Documents About Enslaved People in Schenectady

Cover Image:
Documents About Enslaved People in Schenectady
Bill of sale dated December 6, 1764 for Sarah, an enslaved Black woman, by John Brown, Schenectady, New York - Image Source

Collection Facts

Dates of Original:

Historical Context

Schenectady County is the smallest county in New York and part of the Capital region. The area was first settled by white colonists in 1667 and had previously been occupied by the Mohawk. It was primarily an agricultural area until the mid-1800s when it developed at a rapid pace because of its location to the Erie Canal and Mohawk River, making it a transportation corridor. The city also grew into a manufacturing territory. Records of the practice of slavery in the area date back to the 1680s and continue until 1827.

Scope of Collection

This collection contains 18th and 19th century materials that document slavery in Schenectady County. The collection is composed of documents that mention enslaved and formerly enslaved people including bills of sale, wills, deeds, and letters. The documents are part of the Grems-Doolittle Library Historic Manuscripts Collection and the Mabee Family Papers. Some materials in this collection may contain offensive language or imagery. In the interests of historical integrity, we are not removing these images or words. Some item descriptions contain language from the original historical document when it provides additional value; language from an historical source is indicated through quotation marks.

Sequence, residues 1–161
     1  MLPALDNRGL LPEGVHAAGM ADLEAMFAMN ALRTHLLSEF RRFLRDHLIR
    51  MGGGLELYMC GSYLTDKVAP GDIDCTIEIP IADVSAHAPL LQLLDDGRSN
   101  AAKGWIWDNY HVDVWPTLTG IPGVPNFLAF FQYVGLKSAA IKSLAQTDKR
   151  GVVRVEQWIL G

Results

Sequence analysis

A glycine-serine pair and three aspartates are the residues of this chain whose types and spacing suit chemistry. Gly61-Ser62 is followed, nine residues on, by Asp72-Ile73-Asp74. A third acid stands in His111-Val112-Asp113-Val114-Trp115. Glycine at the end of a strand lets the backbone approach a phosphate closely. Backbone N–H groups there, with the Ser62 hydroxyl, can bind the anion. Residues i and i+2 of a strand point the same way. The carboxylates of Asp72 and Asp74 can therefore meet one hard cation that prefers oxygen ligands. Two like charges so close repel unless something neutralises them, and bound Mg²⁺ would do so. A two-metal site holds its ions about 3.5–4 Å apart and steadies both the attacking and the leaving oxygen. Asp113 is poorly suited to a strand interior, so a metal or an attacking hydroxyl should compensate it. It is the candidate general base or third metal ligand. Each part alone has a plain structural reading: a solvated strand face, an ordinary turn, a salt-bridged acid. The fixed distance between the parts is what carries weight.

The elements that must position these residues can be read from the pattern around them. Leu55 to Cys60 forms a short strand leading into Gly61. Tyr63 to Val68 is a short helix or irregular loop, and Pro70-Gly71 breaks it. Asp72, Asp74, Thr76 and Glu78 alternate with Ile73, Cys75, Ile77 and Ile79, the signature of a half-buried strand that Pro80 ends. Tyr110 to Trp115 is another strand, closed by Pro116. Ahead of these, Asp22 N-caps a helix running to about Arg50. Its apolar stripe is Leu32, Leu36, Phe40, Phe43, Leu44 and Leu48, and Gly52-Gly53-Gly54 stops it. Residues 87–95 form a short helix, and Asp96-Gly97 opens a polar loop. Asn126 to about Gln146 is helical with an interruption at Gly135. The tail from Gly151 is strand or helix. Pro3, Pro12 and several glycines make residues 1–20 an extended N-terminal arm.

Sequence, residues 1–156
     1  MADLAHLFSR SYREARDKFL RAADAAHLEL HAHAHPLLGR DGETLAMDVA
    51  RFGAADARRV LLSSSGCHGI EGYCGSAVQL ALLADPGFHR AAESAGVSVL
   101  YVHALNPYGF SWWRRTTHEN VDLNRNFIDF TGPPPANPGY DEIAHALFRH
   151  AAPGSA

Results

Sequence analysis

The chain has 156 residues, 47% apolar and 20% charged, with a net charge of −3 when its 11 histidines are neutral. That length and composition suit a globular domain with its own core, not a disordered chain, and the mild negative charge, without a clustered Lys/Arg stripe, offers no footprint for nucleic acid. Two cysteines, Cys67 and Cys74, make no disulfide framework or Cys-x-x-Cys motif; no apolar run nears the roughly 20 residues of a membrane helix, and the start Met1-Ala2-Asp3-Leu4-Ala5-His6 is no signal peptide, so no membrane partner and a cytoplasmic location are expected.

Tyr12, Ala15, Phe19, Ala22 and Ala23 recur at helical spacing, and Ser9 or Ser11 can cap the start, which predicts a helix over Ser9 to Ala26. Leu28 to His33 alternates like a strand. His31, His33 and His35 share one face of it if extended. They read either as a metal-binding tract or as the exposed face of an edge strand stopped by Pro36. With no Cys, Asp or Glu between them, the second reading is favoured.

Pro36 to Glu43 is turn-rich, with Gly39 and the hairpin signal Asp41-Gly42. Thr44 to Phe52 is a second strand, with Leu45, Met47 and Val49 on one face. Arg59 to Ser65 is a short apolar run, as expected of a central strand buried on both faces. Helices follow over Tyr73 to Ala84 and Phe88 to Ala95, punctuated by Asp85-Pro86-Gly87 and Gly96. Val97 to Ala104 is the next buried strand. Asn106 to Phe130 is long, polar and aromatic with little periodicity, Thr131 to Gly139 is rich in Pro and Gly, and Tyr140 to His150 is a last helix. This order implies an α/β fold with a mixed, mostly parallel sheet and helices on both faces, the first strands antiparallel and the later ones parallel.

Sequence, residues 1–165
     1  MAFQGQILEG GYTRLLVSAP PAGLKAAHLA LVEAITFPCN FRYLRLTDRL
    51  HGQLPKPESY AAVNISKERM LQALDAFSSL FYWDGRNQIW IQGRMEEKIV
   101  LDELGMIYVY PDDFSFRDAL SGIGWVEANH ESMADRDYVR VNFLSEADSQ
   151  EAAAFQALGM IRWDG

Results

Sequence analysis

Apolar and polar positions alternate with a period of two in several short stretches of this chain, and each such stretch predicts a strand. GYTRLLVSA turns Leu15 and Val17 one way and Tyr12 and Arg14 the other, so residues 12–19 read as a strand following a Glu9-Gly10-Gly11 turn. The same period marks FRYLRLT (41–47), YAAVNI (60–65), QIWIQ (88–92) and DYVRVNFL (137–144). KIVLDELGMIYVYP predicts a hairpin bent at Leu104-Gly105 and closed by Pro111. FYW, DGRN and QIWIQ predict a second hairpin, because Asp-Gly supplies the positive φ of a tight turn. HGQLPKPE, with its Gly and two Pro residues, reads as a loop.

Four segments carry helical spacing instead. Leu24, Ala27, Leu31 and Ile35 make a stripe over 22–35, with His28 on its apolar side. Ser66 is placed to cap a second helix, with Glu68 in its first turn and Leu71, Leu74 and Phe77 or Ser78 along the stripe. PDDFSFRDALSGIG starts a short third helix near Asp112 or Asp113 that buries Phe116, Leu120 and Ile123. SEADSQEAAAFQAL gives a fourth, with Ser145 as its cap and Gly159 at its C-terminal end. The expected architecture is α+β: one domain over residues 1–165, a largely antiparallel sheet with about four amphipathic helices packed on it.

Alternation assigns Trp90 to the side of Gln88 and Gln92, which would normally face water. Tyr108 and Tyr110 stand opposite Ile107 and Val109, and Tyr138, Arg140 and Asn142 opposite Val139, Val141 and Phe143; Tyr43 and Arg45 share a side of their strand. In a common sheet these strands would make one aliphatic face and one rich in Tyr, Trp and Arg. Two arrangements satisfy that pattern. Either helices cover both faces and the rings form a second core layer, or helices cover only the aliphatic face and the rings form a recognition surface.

Additional Information

Scope and Content Source:

Browse similar collections

NYH Topic Areas:
Collection Type: